6 But the righteousness of faith speaks in this way, “Do not say in your heart, ‘Who will ascend into heaven?'” (that is, to bring Christ down from above)
7 or, “‘Who will descend into the abyss?'” (that is, to bring Christ up from the dead).
8 But what does it say? “The word is near you, in your mouth and in your heart” (that is, the word of faith which we preach):
9 that if you confess with your mouth the Lord Jesus and believe in your heart that God has raised Him from the dead, you will be saved.
10 For with the heart one believes unto righteousness, and with the mouth confession is made unto salvation.
Advent is the perfect time of year to confess the Lord Jesus Christ. What other time of year can we so cheerfully mention His blessed name and thank the Lord so openly for His grace and mercy? What other time of year can we say we are celebrating of the coming of the Christ? (After all, it is called “CHRIST mass” and not “Jesus mass” or “Nazarene mass.”) And the Christ is the “Anointed One,” the Lamb of God, the Son of God, the Prince of Peace, Emmanuel, Wonderful Counselor, Almighty God. You get the idea. By speaking of Jesus as the Christ, we are bringing to bear all the epithets and names He has in the Bible. And if people don’t know those names, we get to sing about them! What joy! What glory! What an opportunity we have, to share the gospel while people are worrying about what gifts to get or who to invite to their homes. Who to invite? Invite Christ! What gift to bring? Your humble and repentant heart!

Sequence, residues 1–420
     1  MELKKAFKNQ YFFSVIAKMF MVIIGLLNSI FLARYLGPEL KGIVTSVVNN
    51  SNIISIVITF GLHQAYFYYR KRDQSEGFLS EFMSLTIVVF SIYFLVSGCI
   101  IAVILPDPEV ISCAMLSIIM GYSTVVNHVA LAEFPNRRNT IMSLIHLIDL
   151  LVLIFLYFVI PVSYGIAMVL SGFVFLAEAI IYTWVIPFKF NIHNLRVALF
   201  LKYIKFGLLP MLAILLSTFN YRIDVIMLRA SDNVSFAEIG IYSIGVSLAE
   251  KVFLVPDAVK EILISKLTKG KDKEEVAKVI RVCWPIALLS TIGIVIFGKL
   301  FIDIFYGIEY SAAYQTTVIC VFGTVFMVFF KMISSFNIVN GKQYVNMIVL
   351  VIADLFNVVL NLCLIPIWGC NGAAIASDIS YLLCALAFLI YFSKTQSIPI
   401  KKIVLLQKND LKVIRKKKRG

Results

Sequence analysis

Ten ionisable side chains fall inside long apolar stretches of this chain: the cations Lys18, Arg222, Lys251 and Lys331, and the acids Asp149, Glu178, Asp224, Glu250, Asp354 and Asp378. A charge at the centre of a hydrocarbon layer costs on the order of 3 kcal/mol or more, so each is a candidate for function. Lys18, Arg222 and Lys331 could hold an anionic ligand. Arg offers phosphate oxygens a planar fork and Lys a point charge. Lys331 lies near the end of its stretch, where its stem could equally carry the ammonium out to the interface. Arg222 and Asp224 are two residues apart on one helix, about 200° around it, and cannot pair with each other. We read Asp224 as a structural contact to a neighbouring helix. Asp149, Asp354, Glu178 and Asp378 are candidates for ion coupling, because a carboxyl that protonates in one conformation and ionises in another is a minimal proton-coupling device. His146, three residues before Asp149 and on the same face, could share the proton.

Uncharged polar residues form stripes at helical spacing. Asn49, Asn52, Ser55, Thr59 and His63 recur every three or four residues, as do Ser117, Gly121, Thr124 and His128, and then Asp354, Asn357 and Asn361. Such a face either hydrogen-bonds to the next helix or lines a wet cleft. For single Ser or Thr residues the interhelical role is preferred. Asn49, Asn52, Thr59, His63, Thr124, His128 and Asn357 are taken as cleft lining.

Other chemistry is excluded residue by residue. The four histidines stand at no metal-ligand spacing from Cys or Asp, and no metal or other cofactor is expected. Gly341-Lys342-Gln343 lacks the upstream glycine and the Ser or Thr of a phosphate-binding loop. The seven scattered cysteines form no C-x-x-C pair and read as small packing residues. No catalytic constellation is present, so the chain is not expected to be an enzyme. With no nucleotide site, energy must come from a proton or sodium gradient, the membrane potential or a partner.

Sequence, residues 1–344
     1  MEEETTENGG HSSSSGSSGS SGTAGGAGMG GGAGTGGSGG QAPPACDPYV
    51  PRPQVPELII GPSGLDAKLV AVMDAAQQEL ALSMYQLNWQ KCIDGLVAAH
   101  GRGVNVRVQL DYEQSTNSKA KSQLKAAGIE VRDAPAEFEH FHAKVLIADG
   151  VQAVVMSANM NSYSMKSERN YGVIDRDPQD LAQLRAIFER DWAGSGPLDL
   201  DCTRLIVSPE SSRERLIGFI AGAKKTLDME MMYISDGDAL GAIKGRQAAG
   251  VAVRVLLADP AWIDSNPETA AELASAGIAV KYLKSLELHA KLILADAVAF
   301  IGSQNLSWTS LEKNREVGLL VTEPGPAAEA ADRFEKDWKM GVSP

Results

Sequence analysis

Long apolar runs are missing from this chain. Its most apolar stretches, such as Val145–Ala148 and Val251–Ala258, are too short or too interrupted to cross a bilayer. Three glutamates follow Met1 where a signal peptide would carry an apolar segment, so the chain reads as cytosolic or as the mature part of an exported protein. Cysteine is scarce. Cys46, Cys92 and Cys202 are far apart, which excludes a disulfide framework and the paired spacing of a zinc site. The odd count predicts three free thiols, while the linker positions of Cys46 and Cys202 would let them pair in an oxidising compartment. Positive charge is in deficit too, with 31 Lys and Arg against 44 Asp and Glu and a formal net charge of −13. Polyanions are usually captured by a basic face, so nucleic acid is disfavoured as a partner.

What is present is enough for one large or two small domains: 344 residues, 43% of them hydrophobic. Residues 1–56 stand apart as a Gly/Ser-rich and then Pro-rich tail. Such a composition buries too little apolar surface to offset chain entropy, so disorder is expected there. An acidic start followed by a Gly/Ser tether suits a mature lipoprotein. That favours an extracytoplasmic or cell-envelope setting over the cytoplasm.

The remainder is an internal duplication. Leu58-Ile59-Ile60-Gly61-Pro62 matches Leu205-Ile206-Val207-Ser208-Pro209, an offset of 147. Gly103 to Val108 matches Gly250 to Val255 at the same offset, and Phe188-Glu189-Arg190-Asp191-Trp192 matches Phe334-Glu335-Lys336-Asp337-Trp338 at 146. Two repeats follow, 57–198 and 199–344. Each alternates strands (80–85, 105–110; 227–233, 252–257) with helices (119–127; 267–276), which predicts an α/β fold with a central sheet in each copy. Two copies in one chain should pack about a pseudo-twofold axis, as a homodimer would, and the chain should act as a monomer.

In today’s passage from Paul’s letter to the Roman believers, the apostle has been talking about how faith is superior to the law in bringing people to the righteousness of God.
30 What shall we say then? That Gentiles, who did not pursue righteousness, have attained to righteousness, even the righteousness of faith;
31 but Israel, pursuing the law of righteousness, has not attained to the law of righteousness.
32 Why? Because they did not seek it by faith, but as it were, by the works of the law. For they stumbled at that stumbling stone.
33 As it is written:
“Behold, I lay in Zion a stumbling stone and rock of offense,
And whoever believes on Him will not be put to shame.”
Those who hear the gospel and do not find themselves transformed by the grace of God, are people who stumble at faith. We are a society built upon the idea that good things come to those who work for them. I find it sadly ironic that this attitude is often referred to as the “Protestant work ethic,” because it was the Protestants who broke from the Roman Catholic church over the issue of works versus grace – i.e. Protestants are supposed to believe that we don’t need to work for God’s mercy and grace, but our work is a result of our having found God’s freely-offered grace.
In today’s passage from Romans chapter 10, Paul goes on to remind us that we do not command God, that it is not for us to bring the Christ into the world through our deeds and our religious observances. We can neither bring Him to us from heaven, nor can we raise Him up from death. We cannot tell God, “Okay, now it’s time for a Savior!” Without the faith that needs to inform them, all our works amount to nothing. Sure, we may believe we need a Savior, but do we believe that Jesus IS that Savior?
11 “For this commandment which I command you today is not too mysterious for you, nor is it far off.
12 “It is not in heaven, that you should say, ‘Who will ascend into heaven for us and bring it to us, that we may hear it and do it?’